Body Positive is a workshop here at Stan State that has been active for a little over a year. Brought to the campus in 2018 by two counselors from the Psychological Counseling Services, Susan Brumm, LPCC and Ann Marie Washington, L.C.S.W, the Body Positive workshop focuses on “creating community and a shared positive approach to beauty, health and identity; supporting success in life and academics,” says Washington. 

Body Positive was brought to this campus after Brumm and Washington applied for a grant that would help fund the program. Washington says that “…out of 24 grants submitted, ours was 1 of 8 that was funded to bring Body Positive to the campus.” 

However, according to, the Body Positive was created by Connie Sobczak and Elizabeth Scott in 1996 to “[help] people develop balanced, joyful self-care and a relationship with their bodies…”

Since then, they have provided platforms for people to become Body Positive Facilitators, which is what Brumm and Washington are. 

Among their team are two students who are part of the Core Action Team and facilitators. Washington says that they heavily rely on these students to give voice to “...what the student body needs and what it sounds like."

One of the students that is part of the Core Action Team is Brianna Faria (junior, Kinesiology). Faria believes that the Body Positive workshop is a place for her to “...focus on whatever [she’s] feeling… along with learning new perspectives on how to take care of [her]self.” 

Body Positive is a place where students, regardless of gender, race or sexual orientation can go to learn about self-love and accepting yourself for who you are. The club hopes to provide a safe space for students, where they can go to discuss any issues they may be facing, without the fear of being judged. 

It is important for students to have access to something like this club because, as students, we all face struggles in our everyday lives and we need a community to be there to listen to us and help us face our struggles.  

“As college students, we are all trying to find ourselves. We are trying to figure out what works for us and what doesn’t; to find our own happiness and acceptance of our own,” says Faria.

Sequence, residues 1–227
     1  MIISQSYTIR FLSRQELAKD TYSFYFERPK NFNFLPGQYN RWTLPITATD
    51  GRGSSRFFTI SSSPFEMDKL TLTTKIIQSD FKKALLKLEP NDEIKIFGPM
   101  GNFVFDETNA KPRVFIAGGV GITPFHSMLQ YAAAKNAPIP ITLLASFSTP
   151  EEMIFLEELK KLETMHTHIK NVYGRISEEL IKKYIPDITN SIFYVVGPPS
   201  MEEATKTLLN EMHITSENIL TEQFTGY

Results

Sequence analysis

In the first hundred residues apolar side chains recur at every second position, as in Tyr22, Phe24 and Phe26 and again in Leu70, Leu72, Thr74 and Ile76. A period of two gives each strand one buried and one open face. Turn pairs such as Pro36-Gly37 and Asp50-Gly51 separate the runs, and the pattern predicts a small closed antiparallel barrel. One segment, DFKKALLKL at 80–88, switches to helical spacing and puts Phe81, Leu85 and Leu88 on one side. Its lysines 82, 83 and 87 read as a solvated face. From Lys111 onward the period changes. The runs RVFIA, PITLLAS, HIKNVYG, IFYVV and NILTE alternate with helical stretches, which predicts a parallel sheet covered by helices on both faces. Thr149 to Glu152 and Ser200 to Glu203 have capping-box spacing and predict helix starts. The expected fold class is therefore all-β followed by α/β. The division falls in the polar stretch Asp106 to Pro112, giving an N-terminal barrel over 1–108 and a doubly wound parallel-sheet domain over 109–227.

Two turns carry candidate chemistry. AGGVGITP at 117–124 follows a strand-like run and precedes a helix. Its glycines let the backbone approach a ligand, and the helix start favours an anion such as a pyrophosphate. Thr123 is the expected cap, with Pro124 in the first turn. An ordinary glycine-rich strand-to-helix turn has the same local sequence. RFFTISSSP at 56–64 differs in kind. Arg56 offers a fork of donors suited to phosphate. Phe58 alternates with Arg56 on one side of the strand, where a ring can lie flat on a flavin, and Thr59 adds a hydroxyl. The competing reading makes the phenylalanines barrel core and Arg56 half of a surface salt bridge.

This is something that Body Positive can help students with.  Fabian Hernandez (senior, History) says that having a workshop like the Body Positive is so important to our campus because “we have such a diverse field of bodies here on campus. It is important to know that there isn’t a particular body type that’s acceptable.” 

This is why the workshop started. Being a counselor at the Psychological Counseling center, Washington said that she felt there was a need for something like this on campus due to her past experiences with students who suffered from body issues. 

The pressure that societal norms have on the population has a huge impact, especially on teens and young adults. “With what our culture tells us about who we are, what we should look like, [it] needs to be challenged and we need to get a realistic idea of who we are and what we should look like and not what Hollywood or entertainment or magazines are telling us we should look like,'' says Washington. 

Body Positive strives to help you challenge what others tell you you should look like and instead, accept yourself for who you are. 

Body Positive will continue to provide a space for students to practice self-care, build a community, and prioritize their health. 

Join them in Spring of 2020 as they enter another year of the workshop!


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